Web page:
| 210 | | C C D |
| 211 | |/ \ / |
| 212 | A A |
| 213 | |
| 214 | Invariant does not hold Invariant holds |
| 215 | }}} |
| 216 | |
| 217 | The purpose of the invariant is to eliminate redundant information. |
| 218 | Note, however, that it does not guarantee that there is a unique way |
| 219 | to prove a goal. |
| 220 | |
| 221 | |
| 222 | ==== Using Extended Assumptions === |
| 223 | |
| 224 | Another way to prove a goal is to look it up in the assumptions. |
| 225 | If the goal matched an assumption exactly, then GHC would have |
| 226 | already solved it in one of its previous stages of the constraint |
| 227 | solver. However, due to the commutativity and associativity of some of the |
| 228 | operators, it is possible to have goal that could be solved by assumption, |
| 229 | only if the assumption was "massaged" a bit. |
| 230 | |
| 231 | This "massaging" is implemented by the function `widenAsmps`, which |
| 232 | extends the set of assumption by performing a bit of forward reasoning |
| 233 | using a limited set of rules. Typically, these are commutativity |
| 234 | an associativity rules, and the `widenAsmps` function tries to complete |
| 235 | the set of assumptions with respect to these operations. For example: |
| 236 | {{{ |
| 237 | assumptions: C: x + y ~ z |
| 238 | cur. goal: D: y + x ~ z |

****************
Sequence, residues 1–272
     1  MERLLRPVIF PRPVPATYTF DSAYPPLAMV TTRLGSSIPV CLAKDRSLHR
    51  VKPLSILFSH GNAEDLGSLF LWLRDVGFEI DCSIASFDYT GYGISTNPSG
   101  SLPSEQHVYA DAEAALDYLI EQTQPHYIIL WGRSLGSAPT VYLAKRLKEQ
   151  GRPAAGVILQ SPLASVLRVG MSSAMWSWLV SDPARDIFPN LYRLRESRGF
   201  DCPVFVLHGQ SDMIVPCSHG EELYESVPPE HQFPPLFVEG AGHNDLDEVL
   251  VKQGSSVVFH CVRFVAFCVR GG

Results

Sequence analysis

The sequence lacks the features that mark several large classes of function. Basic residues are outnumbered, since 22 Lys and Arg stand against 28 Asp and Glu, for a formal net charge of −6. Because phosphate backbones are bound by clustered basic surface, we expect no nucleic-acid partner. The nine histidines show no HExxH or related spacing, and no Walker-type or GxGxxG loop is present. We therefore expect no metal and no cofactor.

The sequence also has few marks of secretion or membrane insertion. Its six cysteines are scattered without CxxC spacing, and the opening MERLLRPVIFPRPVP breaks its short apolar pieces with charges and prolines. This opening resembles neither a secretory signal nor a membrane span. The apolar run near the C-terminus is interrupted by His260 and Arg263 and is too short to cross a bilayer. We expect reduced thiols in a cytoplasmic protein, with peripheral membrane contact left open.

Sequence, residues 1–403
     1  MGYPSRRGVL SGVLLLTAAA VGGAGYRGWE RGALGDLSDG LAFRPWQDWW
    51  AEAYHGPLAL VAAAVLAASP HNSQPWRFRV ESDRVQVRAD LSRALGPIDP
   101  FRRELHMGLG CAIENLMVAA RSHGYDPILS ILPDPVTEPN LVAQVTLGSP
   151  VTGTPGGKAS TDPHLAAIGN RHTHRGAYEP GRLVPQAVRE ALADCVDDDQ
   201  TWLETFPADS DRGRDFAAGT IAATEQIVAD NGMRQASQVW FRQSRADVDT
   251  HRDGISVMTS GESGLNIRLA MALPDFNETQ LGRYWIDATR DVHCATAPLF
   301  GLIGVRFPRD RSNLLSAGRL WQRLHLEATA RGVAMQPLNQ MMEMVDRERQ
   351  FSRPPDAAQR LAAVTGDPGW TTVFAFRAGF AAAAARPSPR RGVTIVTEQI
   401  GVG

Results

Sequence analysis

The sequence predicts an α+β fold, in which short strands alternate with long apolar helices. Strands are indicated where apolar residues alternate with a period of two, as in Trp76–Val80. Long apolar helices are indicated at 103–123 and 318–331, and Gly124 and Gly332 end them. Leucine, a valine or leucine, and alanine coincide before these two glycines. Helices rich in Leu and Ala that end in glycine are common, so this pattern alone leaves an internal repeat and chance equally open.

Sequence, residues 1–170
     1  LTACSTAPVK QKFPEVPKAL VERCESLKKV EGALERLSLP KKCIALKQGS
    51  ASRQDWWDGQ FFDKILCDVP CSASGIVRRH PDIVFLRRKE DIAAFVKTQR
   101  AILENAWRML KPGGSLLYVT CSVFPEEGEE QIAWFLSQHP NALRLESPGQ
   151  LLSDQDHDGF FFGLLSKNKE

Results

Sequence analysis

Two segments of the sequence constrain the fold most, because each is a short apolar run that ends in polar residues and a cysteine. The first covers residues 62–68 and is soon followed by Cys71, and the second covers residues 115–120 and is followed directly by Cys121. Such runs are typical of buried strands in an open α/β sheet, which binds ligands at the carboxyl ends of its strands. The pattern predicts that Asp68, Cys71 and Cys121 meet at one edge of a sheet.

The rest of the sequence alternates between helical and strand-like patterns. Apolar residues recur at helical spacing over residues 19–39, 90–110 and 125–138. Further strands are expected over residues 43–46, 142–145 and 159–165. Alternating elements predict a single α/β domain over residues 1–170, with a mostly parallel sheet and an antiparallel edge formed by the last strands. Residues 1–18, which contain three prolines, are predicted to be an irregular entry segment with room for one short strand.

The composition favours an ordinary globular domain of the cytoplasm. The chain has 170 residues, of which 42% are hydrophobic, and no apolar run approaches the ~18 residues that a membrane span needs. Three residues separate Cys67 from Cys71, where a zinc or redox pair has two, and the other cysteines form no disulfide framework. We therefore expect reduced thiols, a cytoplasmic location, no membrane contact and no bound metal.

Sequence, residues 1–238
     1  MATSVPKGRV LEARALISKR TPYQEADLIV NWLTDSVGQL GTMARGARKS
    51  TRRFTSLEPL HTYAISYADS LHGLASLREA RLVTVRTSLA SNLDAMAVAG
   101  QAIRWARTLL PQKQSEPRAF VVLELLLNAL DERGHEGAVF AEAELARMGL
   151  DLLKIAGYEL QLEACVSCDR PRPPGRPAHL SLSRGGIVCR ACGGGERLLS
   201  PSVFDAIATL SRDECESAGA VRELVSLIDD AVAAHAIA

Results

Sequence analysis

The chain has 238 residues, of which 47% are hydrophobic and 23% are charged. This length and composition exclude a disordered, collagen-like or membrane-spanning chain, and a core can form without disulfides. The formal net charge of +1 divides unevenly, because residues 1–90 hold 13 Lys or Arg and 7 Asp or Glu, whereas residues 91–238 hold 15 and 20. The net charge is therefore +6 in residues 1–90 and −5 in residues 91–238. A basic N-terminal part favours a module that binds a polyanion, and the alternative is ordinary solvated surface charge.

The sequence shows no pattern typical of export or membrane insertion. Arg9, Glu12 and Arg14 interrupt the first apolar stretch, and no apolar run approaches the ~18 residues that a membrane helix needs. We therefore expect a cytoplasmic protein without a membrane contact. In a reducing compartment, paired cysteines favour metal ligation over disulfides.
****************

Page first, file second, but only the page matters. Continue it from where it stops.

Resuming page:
| 239 | |
| 240 | extended assumptions: C: x + y ~ z, Add_Comm(C) : y + x ~ z |
| 241 | solved: D = Add_Comm(C) |
| 242 | }}} |
| 243 | |
| 244 | Note that the extended assumptions are very similar to derived constraints, |
| 245 | except that we keep their proofs. |
| 246 | |
| 247 | |
| 248 | ==== Re-examining Wanteds ==== |
| 249 | |
| 250 | If none of the strategies for solving a wanted constraint worked, |
| 251 | then the constraint is added to the inert set. Since we'd like to |
| 252 | keep the inert set minimal, we have to see if any of the existing |
| 253 | wanted constraints might be solvable in terms of the new wanted |
| 254 | (`reExamineWanteds`). |
| 255 | |
| 256 | It is good to keep the inert set minimal for the following reasons: |
| 257 | * Inferred types are nicer, |
| 258 | * It helps GHC to solve constraints by "inlining" (e.g., if we |
| 259 | have only a single constraint `x + y ~ z`, then we can eliminate it |
| 260 | by replacing all occurrences of `z` with `x + y`, however we can't |
| 261 | do that if we ended up with two constraints `(x + y ~ z, y + x ~ z)). |
| 262 | |
| 263 | We consider each (numeric) wanted constraint in the inert set and |
| 264 | check if we can solve it in terms of the new wanted and all other wanteds. |
| 265 | If so, then it is removed from the inert set, otherwise it stays there. |
| 266 | |
| 267 | Note that we can't implement this by kicking out the existing wanted |
| 268 | constraints and putting them back on the work queue, because this would |
| 269 | lead to non-termination. Here is an example of how this might happen: |
| 270 | {{{ |
| 271 | inert: [W] A : x <= 5 |
| 272 | new: [W] B : y <= 5 |
| 273 | |
| 274 | Can't solve B, add to inert, kick out A |
| 275 | inert: [W] B : y <= 5 |
| 276 | new: [W] A : x <= 5 |
| 277 | |
| 278 | Can't solve A, add to inert, kick out B... |
| 279 | |
| 280 | ... and we are back to the beginning. |
| 281 | }}} |
| 282 | |
| 283 | Perhaps there is a way around this but, for the moment, we just re-examine |
| 284 | the numeric wanteds locally, without going through the constraint |
| 285 | solver pipe-line. |